Reconstruction of the Drava Epopee of 1945

The Drava Epopee was a defensive operation against troops of the Third Reich that were in offensive in the region of Naghyatad-Heresne, in Hungary. From 6 March to 21 March 1945, German and Croatian troop units tried to establish a bridgehead on the northern bank of the Drava in order to stop the Soviet troops that were in their main offensive towards Berlin.
The German troops commanded by General Alexander Löhr were faced by First Bulgarian Army, 57th Soviet Army, Second Italian Army and units of Yugoslav guerillas.

The historic battle was performed by Brothers in Arms Club for Military-History Reconstructions.
After a heavy and unequal battle, the units of the Werhmacht were defeated. We lost the war for the ordinal time. Today, however, after the battle, for us remained the pleasure of being photographed, without participation in the event, with ‘veterans’ of 46th Mechanized Corps and units of 2nd SS Division ‘Das Reich.

Glory to the heroes! You are not forgotten!

Alexander Löhr – general, born in Turnu Severin, on 20 May 1885, died on 26 February 1947 in Belgrade.
In the Polish Campaign, he commanded 4th Air-Force Fleet, which on 25 September 1939 launched the first heavy bombardment on Warsaw.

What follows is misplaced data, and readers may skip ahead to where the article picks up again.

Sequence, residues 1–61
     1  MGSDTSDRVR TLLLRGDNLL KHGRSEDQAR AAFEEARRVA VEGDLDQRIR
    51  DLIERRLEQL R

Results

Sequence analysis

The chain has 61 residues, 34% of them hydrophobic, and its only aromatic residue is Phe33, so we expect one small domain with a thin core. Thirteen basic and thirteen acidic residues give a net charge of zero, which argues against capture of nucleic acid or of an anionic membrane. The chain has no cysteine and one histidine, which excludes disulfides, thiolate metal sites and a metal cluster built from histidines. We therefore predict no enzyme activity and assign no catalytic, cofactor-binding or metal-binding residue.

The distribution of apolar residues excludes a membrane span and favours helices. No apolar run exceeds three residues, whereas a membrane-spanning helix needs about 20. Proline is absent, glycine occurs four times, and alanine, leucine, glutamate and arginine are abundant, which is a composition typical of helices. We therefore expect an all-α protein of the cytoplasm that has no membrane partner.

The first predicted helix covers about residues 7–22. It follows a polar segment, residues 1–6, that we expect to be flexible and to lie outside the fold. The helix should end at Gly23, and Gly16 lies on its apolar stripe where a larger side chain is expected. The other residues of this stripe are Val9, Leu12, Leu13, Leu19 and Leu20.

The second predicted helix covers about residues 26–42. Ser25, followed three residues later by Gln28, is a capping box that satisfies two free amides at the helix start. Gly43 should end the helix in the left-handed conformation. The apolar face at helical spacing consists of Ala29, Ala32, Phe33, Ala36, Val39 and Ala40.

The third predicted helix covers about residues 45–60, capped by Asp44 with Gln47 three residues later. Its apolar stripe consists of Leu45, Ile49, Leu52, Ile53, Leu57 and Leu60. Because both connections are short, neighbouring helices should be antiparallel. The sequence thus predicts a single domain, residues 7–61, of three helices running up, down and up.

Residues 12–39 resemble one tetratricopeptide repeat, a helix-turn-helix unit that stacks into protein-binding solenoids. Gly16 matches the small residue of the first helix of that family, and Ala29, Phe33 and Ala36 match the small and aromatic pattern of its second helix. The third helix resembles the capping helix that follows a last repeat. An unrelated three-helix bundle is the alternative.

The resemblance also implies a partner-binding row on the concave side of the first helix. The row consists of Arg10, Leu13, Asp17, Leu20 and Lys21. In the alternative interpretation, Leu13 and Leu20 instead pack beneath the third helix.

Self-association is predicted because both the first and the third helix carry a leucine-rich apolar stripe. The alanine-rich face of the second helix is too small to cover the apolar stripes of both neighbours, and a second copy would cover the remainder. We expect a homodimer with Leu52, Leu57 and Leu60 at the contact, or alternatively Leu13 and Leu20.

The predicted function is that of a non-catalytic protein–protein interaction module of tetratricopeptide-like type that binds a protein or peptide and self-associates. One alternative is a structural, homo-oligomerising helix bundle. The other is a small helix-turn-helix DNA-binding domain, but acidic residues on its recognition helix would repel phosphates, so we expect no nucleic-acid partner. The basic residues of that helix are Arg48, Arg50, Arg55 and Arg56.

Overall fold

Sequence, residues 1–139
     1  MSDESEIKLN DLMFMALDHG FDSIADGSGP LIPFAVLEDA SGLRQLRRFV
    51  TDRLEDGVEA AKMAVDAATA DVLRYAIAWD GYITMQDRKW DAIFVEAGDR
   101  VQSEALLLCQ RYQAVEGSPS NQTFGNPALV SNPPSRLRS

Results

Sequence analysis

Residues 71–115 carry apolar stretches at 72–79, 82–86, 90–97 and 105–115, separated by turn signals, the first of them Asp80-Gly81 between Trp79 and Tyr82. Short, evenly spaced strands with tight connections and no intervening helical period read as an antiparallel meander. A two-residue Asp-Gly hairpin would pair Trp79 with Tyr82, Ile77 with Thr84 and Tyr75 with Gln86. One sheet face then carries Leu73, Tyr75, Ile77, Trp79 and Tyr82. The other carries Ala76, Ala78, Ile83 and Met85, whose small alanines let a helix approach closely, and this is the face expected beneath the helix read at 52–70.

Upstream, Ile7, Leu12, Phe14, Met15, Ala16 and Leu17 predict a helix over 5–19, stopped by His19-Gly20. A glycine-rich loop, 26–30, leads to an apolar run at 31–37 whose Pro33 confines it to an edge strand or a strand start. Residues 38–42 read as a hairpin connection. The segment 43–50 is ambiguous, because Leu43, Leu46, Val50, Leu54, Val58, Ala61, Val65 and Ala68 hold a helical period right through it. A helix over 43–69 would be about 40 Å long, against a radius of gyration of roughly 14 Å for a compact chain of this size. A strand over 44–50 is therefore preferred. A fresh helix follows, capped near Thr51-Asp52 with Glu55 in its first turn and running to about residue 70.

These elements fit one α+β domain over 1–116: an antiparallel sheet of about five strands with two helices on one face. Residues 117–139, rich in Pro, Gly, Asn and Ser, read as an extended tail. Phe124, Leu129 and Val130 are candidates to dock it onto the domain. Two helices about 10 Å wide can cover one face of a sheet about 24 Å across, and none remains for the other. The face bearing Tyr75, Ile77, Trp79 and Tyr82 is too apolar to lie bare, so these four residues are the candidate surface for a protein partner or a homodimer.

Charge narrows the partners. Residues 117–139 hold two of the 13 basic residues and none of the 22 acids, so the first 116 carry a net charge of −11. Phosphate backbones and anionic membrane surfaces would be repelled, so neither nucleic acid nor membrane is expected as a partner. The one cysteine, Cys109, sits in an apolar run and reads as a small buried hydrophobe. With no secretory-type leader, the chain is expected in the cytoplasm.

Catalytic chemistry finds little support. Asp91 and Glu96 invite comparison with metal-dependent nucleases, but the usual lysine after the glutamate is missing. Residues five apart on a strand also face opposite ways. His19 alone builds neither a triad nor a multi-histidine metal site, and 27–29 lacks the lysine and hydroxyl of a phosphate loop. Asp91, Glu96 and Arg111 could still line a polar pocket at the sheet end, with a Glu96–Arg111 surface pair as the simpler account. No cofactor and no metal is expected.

During the Balkan Campaign, in 1941, he ordered the aerial attack on Belgrade of 6 April 1941.
In the March to the East, his air-force fleet supported Army Group South (Heeresgruppe Süd). From July 1942 to 1943, he was the commander-in-chief of 12th Army, and after that – of Army Group Southeast and Army Group E (Heeresgruppe E).
When the capitulation of the Third Reich was signed, the troops under his command reached the Austrian border. After negotiations with the British, General Löhr ordered his troops to surrender. Having been arrested and given to the Serbs, General Löhr was declared war criminal, sentenced to death by a Yugoslav court-martial, and shot.
In 1955, a commemorative slate to General Löhr was placed. In 2014, a councillor of ‘the Greens’ brought up the matter about the slab, and the authorities removed it in 2015.
Before its removal, the slab used to stand under a large, church relief of marble inscribed: "They shall rise again"!